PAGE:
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1\section{Modelling the Event}\label{sec:models}
2Numerous models are currently used to model and predict tsunami
3generation, propagation and run-up~\cite{titov97a,satake95}. Here we
4introduce the modelling methodology employed by Geoscience Australia
5to illustrate the utility of the proposed benchmark. The methodology used by Geoscience Australia has three distinct components. Firstly an appropriate model is used to approximate the initial sea surface deformation. This model is chosen according to the cause of the intial distrubance. The resulting wave is propagated using \textsc{ursga} in the deep ocean until the wave reaches shallow water, typically the $100$m depth contour. The ocean surface profile along this contour is used as a time varying boundary condition for ANUGA which simulates the propagation of the tsunami within the shallow water and the subsequent inundation of the land. This three part methodology roughly follows the three stages of tsunami evolution. The components used to model each stage of evolution are described in more detail below.
8There are various approaches to modelling the expected crustal
9deformation from an earthquake. Most approaches model the
10earthquake as a dislocation in a linear elastic medium. Here we use
11the method of Wang et al~\cite{wang03}.
12%One of the main advantages
13%of their method is that it allows the dislocation to be located in a
14%stratified linear elastic half-space with an arbitrary number of
15%layers. Other methods (such as those based on Okada's equations) can
16%only model the dislocation in a homogeneous elastic half space, or can
17%only include a limited number of layers, and thus cannot model the
18%effect of the depth dependence of the elasticity of the
19%Earth~\cite{wang03}. The original versions of the codes described here
20%are available from \url{}. The
21%first program, \textsc{edgrn}, calculates elastic Green's function for
22%a set of point sources at a regular set of depths out to a specified
23%distance. The equations controlling the deformation are solved by
24%using a combination of Hankel's transform and Wang et al's
25%implementation of the Thomson-Haskell propagator
26%algorithm~\cite{wang03}. Once the Green's functions are calculated
27%a slightly modified version of \textsc{edcmp}\footnote{For this study,
28%we have made minor modifications
29%to \textsc{edcmp} in order for it to provide output in a file format
30%compatible with the propagation code in the following section. Otherwise it
31%is similar to the original code.} is used to calculate the sea
32%floor deformation for a specific subfault. This second code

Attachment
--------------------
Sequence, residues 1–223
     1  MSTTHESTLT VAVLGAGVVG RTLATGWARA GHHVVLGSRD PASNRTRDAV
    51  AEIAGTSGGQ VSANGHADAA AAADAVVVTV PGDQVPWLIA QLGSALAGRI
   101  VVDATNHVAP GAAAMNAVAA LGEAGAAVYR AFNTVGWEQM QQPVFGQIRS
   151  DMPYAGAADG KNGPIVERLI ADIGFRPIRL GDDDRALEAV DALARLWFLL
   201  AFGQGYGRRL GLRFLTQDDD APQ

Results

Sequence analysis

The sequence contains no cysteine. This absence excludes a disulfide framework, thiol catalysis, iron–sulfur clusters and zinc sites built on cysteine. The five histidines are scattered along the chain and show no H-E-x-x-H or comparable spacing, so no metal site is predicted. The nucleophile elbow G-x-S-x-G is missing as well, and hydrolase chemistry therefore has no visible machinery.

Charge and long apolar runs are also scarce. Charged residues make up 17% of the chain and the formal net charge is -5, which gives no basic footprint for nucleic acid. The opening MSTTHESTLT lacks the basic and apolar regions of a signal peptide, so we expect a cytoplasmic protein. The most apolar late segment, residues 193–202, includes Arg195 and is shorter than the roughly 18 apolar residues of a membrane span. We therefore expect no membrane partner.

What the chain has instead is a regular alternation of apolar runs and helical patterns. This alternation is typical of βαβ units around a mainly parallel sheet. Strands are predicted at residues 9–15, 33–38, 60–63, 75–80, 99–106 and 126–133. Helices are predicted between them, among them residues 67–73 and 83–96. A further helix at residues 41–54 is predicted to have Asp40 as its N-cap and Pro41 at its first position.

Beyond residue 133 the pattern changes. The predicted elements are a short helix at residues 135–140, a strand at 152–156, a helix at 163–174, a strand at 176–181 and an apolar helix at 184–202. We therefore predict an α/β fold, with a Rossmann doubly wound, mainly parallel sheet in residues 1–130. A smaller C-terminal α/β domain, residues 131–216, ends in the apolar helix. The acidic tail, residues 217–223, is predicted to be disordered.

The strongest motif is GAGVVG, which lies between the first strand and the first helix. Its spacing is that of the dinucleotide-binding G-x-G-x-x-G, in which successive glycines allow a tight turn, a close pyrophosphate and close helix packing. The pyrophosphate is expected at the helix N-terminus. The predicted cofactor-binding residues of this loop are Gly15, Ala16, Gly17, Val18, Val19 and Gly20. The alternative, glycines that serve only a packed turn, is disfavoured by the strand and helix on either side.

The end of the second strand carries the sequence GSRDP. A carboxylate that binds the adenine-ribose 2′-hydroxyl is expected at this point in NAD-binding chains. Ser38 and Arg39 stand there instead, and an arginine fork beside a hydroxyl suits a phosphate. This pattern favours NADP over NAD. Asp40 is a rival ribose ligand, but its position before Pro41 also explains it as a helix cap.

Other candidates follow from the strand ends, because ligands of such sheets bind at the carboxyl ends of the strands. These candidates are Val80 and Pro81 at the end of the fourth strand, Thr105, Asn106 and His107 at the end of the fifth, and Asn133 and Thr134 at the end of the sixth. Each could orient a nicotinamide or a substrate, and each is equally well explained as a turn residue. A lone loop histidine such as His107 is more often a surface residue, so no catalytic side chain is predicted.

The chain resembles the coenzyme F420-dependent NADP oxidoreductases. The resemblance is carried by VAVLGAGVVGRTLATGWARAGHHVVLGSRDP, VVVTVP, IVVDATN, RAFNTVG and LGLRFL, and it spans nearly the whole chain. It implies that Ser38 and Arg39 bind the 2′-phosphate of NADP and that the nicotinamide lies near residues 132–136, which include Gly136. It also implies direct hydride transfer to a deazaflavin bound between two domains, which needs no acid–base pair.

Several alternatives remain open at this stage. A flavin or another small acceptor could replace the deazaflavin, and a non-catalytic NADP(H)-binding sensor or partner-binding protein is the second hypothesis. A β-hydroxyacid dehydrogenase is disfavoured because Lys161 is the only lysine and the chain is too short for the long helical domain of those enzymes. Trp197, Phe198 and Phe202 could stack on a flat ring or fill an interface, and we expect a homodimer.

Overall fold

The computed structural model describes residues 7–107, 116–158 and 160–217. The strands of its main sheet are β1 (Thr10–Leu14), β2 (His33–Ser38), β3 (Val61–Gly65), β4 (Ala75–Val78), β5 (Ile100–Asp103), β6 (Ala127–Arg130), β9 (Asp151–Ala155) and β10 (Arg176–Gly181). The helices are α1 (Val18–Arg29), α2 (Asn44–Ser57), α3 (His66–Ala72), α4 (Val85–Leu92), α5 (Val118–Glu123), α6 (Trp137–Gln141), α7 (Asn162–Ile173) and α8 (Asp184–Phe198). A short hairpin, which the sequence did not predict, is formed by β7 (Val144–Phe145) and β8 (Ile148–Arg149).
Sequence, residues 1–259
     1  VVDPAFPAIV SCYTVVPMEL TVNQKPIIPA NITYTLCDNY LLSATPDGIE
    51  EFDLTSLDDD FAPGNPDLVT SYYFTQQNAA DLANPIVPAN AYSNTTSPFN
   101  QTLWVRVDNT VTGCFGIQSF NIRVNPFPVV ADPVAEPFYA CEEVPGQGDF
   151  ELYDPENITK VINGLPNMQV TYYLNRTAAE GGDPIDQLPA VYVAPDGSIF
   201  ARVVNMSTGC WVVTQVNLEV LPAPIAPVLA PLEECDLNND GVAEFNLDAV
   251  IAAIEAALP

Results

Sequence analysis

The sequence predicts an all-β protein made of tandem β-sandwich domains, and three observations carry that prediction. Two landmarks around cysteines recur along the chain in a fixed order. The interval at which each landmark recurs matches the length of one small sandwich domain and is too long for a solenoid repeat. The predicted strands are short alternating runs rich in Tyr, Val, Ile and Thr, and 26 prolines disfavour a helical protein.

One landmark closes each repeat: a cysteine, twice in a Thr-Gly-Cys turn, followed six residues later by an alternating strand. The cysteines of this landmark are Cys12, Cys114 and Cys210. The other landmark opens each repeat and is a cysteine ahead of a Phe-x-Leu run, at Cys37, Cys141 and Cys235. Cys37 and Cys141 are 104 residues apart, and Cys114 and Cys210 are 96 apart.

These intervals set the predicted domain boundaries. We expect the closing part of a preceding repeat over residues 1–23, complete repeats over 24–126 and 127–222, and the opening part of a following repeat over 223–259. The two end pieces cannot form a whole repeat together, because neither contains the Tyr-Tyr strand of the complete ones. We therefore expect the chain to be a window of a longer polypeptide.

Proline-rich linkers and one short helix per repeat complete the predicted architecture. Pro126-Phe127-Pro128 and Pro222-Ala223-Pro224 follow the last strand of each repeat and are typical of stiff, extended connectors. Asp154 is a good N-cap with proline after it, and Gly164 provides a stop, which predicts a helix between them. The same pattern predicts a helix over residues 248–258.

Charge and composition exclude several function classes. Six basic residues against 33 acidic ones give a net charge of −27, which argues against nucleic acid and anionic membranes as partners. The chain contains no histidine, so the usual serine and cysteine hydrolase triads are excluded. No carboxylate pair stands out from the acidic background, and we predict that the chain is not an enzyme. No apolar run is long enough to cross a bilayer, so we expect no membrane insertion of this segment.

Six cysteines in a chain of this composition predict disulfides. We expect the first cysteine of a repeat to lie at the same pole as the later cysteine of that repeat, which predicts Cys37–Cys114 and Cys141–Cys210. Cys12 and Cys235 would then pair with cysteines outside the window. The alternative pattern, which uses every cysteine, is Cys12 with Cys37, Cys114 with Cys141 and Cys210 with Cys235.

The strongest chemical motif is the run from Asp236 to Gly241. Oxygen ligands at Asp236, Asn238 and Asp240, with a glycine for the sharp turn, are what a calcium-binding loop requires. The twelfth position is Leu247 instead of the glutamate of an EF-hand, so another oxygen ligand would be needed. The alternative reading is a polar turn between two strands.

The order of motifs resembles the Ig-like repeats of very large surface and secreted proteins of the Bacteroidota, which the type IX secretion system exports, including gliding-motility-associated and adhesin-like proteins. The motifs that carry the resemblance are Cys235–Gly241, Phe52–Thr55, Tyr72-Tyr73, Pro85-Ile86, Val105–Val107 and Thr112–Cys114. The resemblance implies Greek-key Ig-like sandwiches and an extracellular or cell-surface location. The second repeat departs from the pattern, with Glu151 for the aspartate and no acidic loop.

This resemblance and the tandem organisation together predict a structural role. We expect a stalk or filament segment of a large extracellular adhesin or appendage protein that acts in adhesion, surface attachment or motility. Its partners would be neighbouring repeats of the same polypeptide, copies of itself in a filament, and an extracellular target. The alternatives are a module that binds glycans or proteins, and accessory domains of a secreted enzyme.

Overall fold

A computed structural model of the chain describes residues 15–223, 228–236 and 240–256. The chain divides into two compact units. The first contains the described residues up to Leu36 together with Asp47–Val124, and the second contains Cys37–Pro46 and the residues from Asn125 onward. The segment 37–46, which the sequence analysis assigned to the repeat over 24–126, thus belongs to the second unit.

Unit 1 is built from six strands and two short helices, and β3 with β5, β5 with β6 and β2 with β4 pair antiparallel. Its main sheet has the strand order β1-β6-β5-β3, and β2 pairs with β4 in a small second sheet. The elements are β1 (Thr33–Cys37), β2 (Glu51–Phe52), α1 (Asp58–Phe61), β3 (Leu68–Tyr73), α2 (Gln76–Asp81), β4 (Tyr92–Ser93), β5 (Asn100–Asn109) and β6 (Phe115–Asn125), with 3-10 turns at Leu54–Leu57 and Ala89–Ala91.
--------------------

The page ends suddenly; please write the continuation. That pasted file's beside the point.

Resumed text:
33%discretises the subfault into a set of unit sources and sums the
34%elastic Green's functions calculated from \textsc{edgrn} for all the
35%unit sources on the fault plane in order to calculate the final static
36%deformation caused by a two dimensional dislocation along the
37%subfault. This step is possible because of the linearity of the
38%governing equations.
39%In order to calculate the crustal deformation using these codes
40%a model that describes the variation in elastic
41%properties with depth and a slip model of the earthquake to describe
42%the dislocation is required.
43In order to calculate the crustal deformation a model that describes the
44variation in elastic properties with depth and a slip model of the
45earthquake to describe the dislocation is required.
46The elastic parameters used for this study are the
47same as those in Table 2 of Burbidge et al~\cite{burbidge08}. For the slip
48model, there are many possible models for the 2004 Andaman--Sumatran
49earthquake to select from
50~\cite{chlieh07,asavanant08,arcas06,grilli07,ioualalen07}. Some are
51determined from various geological surveys of the site. Others solve
52an inverse problem which calibrates the source based upon the tsunami
53wave signal, the seismic signal and/or even the run-up.
54The source
55parameters used here to simulate the 2004 Indian Ocean tsunami were
56taken from the slip model G-M9.15 of Chlieh
57et al~\cite{chlieh07}. This model was created by inversion of wide
58range of geodetic and seismic data. The slip model consists of 686
5920km x 20km subsegments each with a different slip, strike and dip
60angle. The dip subfaults go from $17.5^0$ in the north and $12^0$ in
61the south. Refer to Chlieh et al~\cite{chlieh07} for a detailed
62discussion of this model and its derivation. %Note that the geodetic
63%data used in the validation was also included by~\cite{chlieh07} in
64%the inversion used to find G-M9.15. Thus the validation is not
65%completely independent. However, a reasonable validation would still
66%show that the crustal deformation and elastic properties model used